The Council of Ethiopian Civil Societies has shown support for the Agency for Civil Society Organizations on the issue of foreigners’ recruitment in civil societies that operate in Ethiopia. President of the Council, Nigussu Legesse (PhD), said finding Ethiopians with the skill that allows them to execute works in international organizations is not impossible. “There are Ethiopians who are working in different organizations with the same skill as that of the foreigners who work in civil societies,” the President told The Reporter.
On November 10, 2021, the Agency for Civil Society Organizations posted a reminder on its social media page urging civil society organizations to stick to the law that requires the organizations to notify the agency before expats enter the country to work. The agency also warned the organizations it would take legal measures against those that do not abide by the law.
The Deputy Director General of the Agency, Fasikaw Molla, said they want to remind CSOs of the law because they observe some of the organizations, especially foreign organizations, recruiting foreigners to work in the country. “The least they can do is respect the law of the country,” the Deputy Director told The Reporter.
Nigussu Legesse (PhD) explains the council is in favor of this system and also shares the agency’s concern. According to the President, some of the civil society organizations recruit foreigners for a job in rural places where employing an Ethiopian who is familiar with the language and the culture of the area is more beneficial.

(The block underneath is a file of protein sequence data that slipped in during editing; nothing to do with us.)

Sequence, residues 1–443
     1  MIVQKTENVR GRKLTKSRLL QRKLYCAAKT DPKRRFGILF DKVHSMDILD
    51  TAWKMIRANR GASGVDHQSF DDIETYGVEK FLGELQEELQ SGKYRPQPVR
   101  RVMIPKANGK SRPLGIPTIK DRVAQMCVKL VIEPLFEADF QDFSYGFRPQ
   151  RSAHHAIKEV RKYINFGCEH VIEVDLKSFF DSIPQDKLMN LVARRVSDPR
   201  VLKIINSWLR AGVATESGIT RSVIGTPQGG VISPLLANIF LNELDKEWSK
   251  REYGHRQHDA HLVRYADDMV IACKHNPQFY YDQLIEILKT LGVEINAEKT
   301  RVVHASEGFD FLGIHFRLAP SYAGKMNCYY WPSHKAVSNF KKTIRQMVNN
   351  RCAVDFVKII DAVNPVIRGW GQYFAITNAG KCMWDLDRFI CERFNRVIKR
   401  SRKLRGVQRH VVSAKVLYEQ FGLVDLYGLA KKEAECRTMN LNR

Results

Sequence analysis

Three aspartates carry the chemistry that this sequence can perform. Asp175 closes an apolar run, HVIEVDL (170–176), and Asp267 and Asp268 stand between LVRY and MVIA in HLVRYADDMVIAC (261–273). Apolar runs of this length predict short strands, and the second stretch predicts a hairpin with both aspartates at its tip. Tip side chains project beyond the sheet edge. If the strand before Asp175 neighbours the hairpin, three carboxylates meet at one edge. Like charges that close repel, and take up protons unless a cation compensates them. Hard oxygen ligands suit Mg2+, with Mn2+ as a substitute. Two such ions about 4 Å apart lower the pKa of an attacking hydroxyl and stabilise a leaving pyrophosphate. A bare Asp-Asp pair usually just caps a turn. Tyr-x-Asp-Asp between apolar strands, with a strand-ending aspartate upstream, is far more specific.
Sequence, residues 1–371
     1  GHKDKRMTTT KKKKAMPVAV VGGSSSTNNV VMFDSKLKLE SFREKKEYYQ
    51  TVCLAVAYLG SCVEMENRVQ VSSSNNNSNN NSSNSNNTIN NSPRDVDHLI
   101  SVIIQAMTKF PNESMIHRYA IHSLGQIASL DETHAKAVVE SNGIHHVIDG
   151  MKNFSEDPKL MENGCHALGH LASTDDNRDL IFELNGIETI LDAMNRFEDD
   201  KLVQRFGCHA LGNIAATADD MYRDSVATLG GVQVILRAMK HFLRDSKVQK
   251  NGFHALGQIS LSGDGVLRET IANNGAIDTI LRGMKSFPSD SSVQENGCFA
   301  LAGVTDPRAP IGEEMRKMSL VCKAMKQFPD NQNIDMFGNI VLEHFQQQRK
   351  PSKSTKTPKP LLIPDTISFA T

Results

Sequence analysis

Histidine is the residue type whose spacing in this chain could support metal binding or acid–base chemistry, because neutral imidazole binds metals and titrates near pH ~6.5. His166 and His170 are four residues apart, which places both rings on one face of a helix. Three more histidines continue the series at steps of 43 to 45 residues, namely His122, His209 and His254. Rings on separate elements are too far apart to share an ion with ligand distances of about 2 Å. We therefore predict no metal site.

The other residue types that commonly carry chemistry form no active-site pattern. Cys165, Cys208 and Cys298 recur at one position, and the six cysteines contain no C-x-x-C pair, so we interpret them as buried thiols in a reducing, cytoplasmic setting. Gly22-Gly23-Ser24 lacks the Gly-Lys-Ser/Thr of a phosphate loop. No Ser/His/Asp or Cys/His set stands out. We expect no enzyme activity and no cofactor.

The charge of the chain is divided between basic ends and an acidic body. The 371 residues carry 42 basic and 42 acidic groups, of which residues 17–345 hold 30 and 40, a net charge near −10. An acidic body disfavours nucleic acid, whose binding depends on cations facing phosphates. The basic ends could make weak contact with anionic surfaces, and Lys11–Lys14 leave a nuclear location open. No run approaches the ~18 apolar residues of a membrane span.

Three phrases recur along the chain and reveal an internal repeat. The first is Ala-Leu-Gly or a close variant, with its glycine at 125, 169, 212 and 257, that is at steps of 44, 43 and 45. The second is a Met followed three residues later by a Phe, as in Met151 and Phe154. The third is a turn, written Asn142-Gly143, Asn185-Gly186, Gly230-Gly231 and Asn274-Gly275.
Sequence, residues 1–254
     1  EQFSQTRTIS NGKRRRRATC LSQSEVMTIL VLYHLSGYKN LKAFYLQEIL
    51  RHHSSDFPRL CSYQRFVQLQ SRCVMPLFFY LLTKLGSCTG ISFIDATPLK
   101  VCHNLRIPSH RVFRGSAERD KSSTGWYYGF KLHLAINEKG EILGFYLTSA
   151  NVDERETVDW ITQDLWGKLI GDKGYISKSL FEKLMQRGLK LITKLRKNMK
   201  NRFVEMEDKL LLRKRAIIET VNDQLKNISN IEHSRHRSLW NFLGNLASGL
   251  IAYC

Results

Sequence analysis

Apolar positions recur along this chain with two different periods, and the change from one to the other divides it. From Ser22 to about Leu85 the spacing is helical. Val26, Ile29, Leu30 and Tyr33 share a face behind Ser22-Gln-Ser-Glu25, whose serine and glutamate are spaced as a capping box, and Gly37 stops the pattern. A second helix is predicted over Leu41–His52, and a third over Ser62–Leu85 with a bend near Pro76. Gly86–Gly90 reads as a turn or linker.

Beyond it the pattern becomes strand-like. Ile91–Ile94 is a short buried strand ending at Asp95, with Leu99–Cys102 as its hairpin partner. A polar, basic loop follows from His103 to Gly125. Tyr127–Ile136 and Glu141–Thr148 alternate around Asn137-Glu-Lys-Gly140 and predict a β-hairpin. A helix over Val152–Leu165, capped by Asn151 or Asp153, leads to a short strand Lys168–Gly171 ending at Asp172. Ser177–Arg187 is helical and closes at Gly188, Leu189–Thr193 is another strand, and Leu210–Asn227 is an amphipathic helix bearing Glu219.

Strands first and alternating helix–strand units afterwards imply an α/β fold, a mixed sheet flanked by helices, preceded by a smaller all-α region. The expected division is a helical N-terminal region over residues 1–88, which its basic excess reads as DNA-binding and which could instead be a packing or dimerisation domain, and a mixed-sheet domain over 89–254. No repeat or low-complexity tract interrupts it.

The President adds “some of them recruit foreigners to do their financial works; this is something that can be done by someone in the country”. They want to benefit each other with the donation they get from donors,’ Nigussu Legesse (PhD) blames some of the civil society organizations.
Article 76/3 of the ‘Organizations of Civil Societies Proclamation’ which was issued in 2019 provides Foreign nationals other than the country representative may only be hired if the office granting work permit verifies that the work cannot be performed by Ethiopians.
Even if the organizations verify that the work cannot be performed by Ethiopians, the maximum period of the grant is one year. When the one year period ends, the organizations have to renew the permit.
The Deputy Director General of the Agency, Fasikaw Molla states, the organizations will be asked to present a succession plan of an Ethiopian on the position when they try to renew the work grant. According to Fasikaw, the organizations will only be given a three and four months period for the CSOs to train an Ethiopian on the position.
Tewodros Mehrete, Associate professor of law at AAU, argues against this system saying “the organizations should only take what the market offers; they don’t have to train anyone; that is not what they are established for”.
President of The Council of Ethiopian Civil Societies, Nigussu Legesse (PhD) has a similar take with the agency. The president believes money should not be the only aid and support the organizations provide for the community, but also skill building.
“The foreigner, who takes the job position to operate in the country, should only be someone who trains an Ethiopian to execute in the position” the President told The Reporter.
In August 2021, the Ethiopian government suspended the activity of three aid organizations for violation of rules. The one reason for the suspension of all the organizations was employment of foreign nationals without the appropriate work permit from the Ethiopian government.
Contributed by Amanuel Yelkal